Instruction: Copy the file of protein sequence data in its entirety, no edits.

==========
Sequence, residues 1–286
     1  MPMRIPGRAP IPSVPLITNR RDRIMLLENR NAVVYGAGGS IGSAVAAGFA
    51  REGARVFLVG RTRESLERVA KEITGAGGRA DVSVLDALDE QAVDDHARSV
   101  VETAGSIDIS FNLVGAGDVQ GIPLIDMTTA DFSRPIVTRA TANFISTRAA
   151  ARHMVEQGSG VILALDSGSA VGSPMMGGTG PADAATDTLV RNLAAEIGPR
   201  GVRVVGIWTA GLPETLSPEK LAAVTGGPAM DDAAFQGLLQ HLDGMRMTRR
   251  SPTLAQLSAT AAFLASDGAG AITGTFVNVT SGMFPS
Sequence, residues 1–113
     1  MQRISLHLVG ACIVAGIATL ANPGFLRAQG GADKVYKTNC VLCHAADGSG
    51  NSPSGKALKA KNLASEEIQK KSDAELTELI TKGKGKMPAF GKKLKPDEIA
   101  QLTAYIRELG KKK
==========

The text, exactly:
Sequence, residues 1–286
     1  MPMRIPGRAP IPSVPLITNR RDRIMLLENR NAVVYGAGGS IGSAVAAGFA
    51  REGARVFLVG RTRESLERVA KEITGAGGRA DVSVLDALDE QAVDDHARSV
   101  VETAGSIDIS FNLVGAGDVQ GIPLIDMTTA DFSRPIVTRA TANFISTRAA
   151  ARHMVEQGSG VILALDSGSA VGSPMMGGTG PADAATDTLV RNLAAEIGPR
   201  GVRVVGIWTA GLPETLSPEK LAAVTGGPAM DDAAFQGLLQ HLDGMRMTRR
   251  SPTLAQLSAT AAFLASDGAG AITGTFVNVT SGMFPS
Sequence, residues 1–113
     1  MQRISLHLVG ACIVAGIATL ANPGFLRAQG GADKVYKTNC VLCHAADGSG
    51  NSPSGKALKA KNLASEEIQK KSDAELTELI TKGKGKMPAF GKKLKPDEIA
   101  QLTAYIRELG KKK